Some people would have you believe that the Internet is killing print journalism. To be sure, it has become clear that as cyberspace expands, print often contracts. Still, at Weld we don’t view that often-wrenching reality as heralding the impending death of print journalism, but rather as a challenge to build a new, adaptive model for delivering it.
For more than a year as a brand, Weld has been built around the idea that the journalism of the 21st century is not about the divide between digital and print, but the leveraging of any and all platforms for content delivery to a wider and growing audience.
In other words, at this company, we believe you can have both journalism that arises from the respected values enshrined in traditional news gathering and reporting, and a firm grasp on the power of new media to disseminate stories that matter across both the front page, and the electronic frontier.
Today’s official introduction of the new, improved weldbham.com is another stride forward in that corporate mission. Since the company began last year, the intent to present Weld as a new kind of media company has been on the table. Now with weldbham.com under new design management and sporting a fresher, more user-friendly interface, we believe we’re pointed in the right direction.
If you’ve been looking at weldbham.com before today, some of the changes should be obvious. With the design expertise of Infomedia, we’ve organized our content from the print edition in much more user-friendly way, we’ve eliminated the endless scroll and added other functions to make navigation easier, and we’ve plugged in a feed bringing you content from one of our new media partners, WIAT, also known as CBS 42.
You will find it much easier to search our archived content through images of past covers, meaning you can revisit columns that moved you before — Publisher Mark Kelly’s Red Dirt, say, or Courtney Haden’s powerful political opinions — or catch up on our ongoing, groundbreaking history series No More Bull!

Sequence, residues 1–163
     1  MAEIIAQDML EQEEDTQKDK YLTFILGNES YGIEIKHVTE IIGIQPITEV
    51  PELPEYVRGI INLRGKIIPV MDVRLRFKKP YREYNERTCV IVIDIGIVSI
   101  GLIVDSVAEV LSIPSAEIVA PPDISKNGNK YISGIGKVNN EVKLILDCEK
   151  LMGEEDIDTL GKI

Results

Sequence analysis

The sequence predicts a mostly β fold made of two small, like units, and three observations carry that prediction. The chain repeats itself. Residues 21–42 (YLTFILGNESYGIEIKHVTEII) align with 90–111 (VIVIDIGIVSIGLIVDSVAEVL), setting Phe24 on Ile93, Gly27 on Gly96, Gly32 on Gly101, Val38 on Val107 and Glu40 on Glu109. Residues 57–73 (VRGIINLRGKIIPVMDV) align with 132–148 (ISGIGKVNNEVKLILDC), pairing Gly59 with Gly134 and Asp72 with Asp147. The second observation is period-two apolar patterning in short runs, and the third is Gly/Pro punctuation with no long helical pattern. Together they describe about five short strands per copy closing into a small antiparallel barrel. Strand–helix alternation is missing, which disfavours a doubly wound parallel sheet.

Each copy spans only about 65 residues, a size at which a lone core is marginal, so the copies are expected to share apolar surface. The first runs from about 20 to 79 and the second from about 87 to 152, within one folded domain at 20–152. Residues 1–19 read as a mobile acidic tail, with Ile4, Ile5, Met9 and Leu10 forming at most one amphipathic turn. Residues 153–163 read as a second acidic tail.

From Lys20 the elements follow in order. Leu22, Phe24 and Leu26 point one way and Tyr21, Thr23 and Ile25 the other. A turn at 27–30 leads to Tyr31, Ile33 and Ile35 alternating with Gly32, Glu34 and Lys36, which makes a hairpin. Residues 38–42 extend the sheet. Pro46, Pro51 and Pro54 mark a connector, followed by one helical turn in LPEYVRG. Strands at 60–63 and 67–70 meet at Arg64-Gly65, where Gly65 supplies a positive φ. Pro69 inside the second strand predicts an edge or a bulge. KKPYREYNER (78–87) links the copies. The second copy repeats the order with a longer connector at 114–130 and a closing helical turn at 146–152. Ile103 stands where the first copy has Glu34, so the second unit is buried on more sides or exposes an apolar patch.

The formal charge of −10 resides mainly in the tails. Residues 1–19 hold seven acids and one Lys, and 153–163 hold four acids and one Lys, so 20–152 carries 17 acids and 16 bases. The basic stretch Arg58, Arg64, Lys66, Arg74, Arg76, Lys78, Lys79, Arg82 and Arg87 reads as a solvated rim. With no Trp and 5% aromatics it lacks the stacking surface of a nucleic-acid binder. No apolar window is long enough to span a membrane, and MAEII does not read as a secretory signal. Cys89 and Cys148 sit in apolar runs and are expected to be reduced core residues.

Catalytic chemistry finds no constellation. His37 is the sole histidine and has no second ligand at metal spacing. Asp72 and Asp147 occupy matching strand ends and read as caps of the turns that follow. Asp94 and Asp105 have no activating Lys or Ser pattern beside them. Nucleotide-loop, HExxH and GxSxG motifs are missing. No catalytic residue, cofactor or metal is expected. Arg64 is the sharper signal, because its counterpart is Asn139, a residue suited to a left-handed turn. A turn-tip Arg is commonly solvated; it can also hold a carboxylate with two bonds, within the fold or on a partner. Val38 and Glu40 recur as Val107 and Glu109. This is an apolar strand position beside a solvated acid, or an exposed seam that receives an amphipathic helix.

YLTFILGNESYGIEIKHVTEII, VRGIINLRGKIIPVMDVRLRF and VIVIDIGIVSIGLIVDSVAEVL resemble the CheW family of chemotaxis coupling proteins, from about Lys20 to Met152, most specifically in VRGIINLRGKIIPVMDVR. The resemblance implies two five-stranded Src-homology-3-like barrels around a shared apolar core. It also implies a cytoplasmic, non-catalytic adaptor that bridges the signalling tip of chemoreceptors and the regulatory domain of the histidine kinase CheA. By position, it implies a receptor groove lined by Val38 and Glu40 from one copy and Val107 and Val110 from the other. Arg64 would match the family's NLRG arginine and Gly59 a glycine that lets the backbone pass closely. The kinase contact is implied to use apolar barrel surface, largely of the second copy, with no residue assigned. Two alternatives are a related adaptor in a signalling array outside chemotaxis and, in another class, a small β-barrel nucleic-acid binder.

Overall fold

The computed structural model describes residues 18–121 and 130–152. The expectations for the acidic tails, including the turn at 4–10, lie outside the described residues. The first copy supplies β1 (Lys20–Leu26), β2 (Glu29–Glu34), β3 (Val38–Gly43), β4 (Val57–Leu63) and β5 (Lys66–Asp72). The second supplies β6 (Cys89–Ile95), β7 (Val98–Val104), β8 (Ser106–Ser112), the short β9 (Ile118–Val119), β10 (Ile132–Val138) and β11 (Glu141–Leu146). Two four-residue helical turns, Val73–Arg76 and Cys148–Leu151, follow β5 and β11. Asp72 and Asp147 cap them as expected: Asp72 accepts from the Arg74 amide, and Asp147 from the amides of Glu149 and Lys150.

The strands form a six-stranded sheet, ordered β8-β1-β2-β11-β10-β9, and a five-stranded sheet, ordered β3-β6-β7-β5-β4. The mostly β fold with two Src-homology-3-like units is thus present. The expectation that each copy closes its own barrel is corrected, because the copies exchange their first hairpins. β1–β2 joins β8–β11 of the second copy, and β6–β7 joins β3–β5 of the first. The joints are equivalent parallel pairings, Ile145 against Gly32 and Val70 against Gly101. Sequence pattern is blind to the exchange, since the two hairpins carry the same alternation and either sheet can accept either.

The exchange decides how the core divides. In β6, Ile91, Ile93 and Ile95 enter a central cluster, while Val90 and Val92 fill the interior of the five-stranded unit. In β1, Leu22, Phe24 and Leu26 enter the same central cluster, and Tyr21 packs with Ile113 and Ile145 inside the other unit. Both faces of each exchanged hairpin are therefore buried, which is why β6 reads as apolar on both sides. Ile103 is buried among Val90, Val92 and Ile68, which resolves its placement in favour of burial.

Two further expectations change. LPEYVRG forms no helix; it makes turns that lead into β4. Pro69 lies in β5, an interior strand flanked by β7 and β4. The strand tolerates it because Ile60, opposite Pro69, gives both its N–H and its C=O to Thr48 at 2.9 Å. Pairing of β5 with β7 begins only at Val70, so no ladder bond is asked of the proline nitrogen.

But other, bigger, changes may require that you look deeper. The internal architecture of the new site makes it easier for you, as a member of the public, to create or show off your blog to the weldbham.com audience, and for anyone to access it, whether via computer, tablet, or mobile phone. The simplified process of creating a blog means that weldbham.com can become a true community forum, a bulletin board where you can offer your observations of what’s going on in your area, as well as a crossroads where the best bloggers can trade well-written commentary – humorous or serious, political or nonpartisan, exclusive or shared from another site. We’re opening the door for more voices to be heard in important ways.
As Weld continues to evolve as a company, weldbham.com will reflect our commitment to incisive commentary, expansive news, arts, and cultural reporting, and to our increasing use of better and better tools – whether still and video photography, or our social media adjuncts like Facebook and Twitter – to help convey the richness of the stories we cover. We will use our website to broaden the reach of the good writing our print readers prize, and to tell stories no one else is telling.
Weld publisher Mark Kelly likes to talk about “redemptive journalism,” the notion that journalists can build a community, rather than tear it down, by making smart choices in what they cover and how they cover it. That concept, fundamental to what we do at Weld, will be on display at weldbham.com as it is in the print edition. The aim in using both platforms remains true to the company name: to bring people in the Birmingham community together, to forge a constructive conversation around meaningful, locally relevant content, and to demonstrate a bold, thoughtful approach to telling important stories.
We’re convinced that the new weldbham.com will help us realize the mission and the meaning behind the name of the brand – Weld for Birmingham.